Air Source Heat Pumps
What Are Air Source Heat Pumps?
Think of an air source heat pump as a 'reverse fridge'.
Heat is absorbed from the outdoor air and is compressed to raise the temperature. This then works to heat your home and hot water.
An air source heat pump is made up of an outdoor and indoor system. The outdoor system should be placed somewhere with good air flow and preferably in a sunny spot to help your air pump run more efficiently when the sun is out. The indoor unit is usually no bigger than a standard boiler.
Air source heat pumps can be installed as one of two varieties:
Air-to-Water Heat Pumps:
These are the most common in the UK, transferring the heat into water which can then be used for traditional home heating elements.
Air-to-Air Heat Pumps:
These work with a circulation system to heat the air itself.
Only air to water heat pumps are included in the Renewable Heat Incentive scheme and available for funding through either the ECO scheme or Green Homes Grant.
What Are The Benefits Of An Air Source Heat Pump?
The main benefit of an air source heat pump is a more energy efficient method of heating your home, and therefore lower heating bills and carbon emissions.
This efficiency also brings a great saving on your carbon footprint of between 2,150 to 2,250 kg of carbon a year, compared to an A-rated boiler according to the Energy Saving Trust.
If you are torn between an air source or ground source heat pump, then air source are considerably easier to install, and on average cost about a third less to install and need considerably less outdoor space.
They have been around for a long time and are a very reliant technology. As above they are very similar to a fridge and they do not break down often.
Will An Air Source Heat Pump Work For My Home?
Air source heat pumps offer a great alternative to gas & oil boilers but to work at their best your home needs to be a well insulated home.
If you are looking to spend money on a new heating system but insulation in your home is not up to standard, an air source heat pump would not be a sound investment for the future.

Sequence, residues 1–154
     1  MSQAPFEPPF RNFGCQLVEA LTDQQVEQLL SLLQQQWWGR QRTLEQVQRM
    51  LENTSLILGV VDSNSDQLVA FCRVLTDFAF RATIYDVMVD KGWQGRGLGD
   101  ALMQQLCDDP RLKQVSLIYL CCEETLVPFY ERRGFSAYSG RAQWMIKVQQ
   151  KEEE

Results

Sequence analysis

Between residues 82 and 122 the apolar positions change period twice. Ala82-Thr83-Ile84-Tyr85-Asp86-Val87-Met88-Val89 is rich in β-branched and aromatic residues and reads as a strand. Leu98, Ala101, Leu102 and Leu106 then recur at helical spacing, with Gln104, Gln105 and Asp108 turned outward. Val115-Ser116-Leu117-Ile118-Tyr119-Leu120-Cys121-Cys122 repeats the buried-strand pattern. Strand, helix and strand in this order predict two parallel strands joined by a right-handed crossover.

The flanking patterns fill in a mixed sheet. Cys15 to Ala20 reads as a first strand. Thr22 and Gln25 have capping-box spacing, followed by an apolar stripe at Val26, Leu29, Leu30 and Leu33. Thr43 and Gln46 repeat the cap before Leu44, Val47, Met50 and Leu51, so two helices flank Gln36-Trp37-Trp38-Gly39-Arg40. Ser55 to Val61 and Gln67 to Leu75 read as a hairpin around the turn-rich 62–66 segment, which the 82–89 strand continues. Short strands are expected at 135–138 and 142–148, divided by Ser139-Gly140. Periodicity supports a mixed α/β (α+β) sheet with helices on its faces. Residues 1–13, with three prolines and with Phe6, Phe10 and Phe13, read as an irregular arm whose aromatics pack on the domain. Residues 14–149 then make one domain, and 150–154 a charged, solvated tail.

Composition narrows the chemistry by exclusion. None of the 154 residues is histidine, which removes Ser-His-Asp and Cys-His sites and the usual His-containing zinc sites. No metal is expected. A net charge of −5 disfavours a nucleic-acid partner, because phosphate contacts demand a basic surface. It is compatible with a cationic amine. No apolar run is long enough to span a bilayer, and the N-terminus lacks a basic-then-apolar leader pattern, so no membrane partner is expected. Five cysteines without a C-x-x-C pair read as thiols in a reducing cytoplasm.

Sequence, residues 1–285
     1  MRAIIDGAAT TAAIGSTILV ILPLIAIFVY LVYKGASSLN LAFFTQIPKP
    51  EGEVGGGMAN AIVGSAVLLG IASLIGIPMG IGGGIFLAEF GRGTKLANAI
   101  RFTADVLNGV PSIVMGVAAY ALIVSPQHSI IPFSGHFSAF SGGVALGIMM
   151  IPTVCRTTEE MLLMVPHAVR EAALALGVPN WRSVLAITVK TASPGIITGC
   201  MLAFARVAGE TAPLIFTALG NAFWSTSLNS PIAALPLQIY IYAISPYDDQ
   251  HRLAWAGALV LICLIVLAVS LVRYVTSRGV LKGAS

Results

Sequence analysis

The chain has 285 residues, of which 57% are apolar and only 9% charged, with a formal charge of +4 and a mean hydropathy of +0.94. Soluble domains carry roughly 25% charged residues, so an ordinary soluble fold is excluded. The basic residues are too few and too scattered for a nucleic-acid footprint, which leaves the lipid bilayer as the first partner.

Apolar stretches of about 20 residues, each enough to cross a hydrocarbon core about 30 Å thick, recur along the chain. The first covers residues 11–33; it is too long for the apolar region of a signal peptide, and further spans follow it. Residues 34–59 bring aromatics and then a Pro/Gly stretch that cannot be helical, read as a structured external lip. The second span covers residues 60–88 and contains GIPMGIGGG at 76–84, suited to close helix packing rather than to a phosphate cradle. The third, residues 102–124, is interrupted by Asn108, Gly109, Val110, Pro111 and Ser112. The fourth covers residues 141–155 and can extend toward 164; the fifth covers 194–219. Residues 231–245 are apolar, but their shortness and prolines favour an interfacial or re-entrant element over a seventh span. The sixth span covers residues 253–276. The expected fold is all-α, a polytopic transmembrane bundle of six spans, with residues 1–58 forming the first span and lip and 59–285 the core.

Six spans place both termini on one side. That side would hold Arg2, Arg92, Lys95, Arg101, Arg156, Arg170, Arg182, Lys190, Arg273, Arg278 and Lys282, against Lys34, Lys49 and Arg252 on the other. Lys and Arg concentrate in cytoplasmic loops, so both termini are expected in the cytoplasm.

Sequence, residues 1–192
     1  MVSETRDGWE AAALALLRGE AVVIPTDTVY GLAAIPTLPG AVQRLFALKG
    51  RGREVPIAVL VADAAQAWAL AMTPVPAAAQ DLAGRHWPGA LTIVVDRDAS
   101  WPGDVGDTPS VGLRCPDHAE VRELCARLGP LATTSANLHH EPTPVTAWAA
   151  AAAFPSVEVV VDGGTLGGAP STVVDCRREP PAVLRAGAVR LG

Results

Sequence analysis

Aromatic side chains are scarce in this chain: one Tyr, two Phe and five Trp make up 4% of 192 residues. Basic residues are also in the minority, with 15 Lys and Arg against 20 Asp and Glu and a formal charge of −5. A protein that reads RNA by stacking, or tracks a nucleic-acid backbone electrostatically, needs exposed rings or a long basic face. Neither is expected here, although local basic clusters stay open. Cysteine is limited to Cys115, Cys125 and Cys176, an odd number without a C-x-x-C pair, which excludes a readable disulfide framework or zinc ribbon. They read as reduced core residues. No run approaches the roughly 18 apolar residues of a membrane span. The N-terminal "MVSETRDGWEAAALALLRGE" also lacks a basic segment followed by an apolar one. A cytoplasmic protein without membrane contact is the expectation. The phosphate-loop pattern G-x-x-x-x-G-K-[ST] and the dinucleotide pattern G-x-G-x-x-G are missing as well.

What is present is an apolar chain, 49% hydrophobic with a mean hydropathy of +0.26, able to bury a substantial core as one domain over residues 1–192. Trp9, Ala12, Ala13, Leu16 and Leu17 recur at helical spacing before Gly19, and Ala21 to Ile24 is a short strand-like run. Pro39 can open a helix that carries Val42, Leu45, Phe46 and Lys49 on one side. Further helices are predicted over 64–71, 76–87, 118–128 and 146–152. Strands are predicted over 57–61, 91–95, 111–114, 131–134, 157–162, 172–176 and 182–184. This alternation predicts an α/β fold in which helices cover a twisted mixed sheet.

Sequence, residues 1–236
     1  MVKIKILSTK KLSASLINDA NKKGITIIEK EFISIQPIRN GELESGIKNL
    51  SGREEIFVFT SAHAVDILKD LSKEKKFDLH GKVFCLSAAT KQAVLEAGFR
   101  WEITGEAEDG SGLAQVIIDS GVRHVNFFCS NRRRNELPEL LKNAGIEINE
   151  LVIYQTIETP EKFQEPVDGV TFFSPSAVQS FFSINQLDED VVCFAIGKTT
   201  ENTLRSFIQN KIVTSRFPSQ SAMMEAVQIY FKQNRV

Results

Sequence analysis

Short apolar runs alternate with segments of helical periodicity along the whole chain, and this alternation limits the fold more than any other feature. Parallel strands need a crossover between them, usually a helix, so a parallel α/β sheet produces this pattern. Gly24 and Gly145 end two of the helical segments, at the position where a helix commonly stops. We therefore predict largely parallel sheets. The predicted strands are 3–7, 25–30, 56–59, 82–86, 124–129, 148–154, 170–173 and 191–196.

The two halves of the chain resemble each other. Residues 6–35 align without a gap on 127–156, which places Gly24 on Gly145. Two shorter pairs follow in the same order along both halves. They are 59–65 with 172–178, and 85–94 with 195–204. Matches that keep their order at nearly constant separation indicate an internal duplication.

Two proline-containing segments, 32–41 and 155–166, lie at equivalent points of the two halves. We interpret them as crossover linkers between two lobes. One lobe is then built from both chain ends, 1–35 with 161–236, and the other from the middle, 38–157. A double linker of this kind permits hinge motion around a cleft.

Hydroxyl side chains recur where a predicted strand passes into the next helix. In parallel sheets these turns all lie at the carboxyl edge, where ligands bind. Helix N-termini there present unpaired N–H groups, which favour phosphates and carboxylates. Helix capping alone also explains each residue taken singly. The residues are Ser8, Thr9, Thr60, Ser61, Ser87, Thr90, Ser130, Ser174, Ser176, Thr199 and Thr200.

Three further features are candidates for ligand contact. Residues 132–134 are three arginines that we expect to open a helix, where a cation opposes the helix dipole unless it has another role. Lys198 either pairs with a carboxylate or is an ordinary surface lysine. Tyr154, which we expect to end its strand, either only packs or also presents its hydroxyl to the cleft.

Air source heat pumps work best at producing heat at a lower temperature than boilers so if you have an draught proof home this will increase the efficiency.
It is also worth keeping in mind that while it is possible that if you are changing from a boiler to an heat pump that you could use the existing pipework and radiators, this is not guaranteed and some or all may need to be replaced.
One potential drawback of an air source heat pump is because of the lower temperatures produced it can affect the maximum tap water temperature that your home can achieve.
Cost And Available Funding Options
The cost of an air source heat pump is dependent on a number of factors, such as model installed, size, performance/efficiency and any potential additional works needed such as pipework and radiators.
The average cost is between £7000-£15000 and you may see your annual energy bills increase by £75-£100 to run an air source heat pump.
However, as a sustainable alternative, and with help the RHI Scheme and the Green Homes Grant scheme to recompense for the initial outlay of expense for installation, it’s an attractive option for those considering their home’s contribution to carbon emissions.
RHI tariffs continue to stay very attractive and a 4 bed property could see a payment of around £1600 per year. RHI payments continue for 7 years after installation.
If you use the Green Homes Grant to help with the initial cost of installation, this will be deducted before you receive an RHI payment.
If I Am Interested What Should I Do Next?
If you are interested in having an Air source heat pump installed please click the 'apply button below and complete the form. We will arrange for a surveyor to contact you to arrange a free survey from one of our installation partners.
Once completed and if you are happy to continue then it is matter of arranging a grant and/or payment and picking a date for install.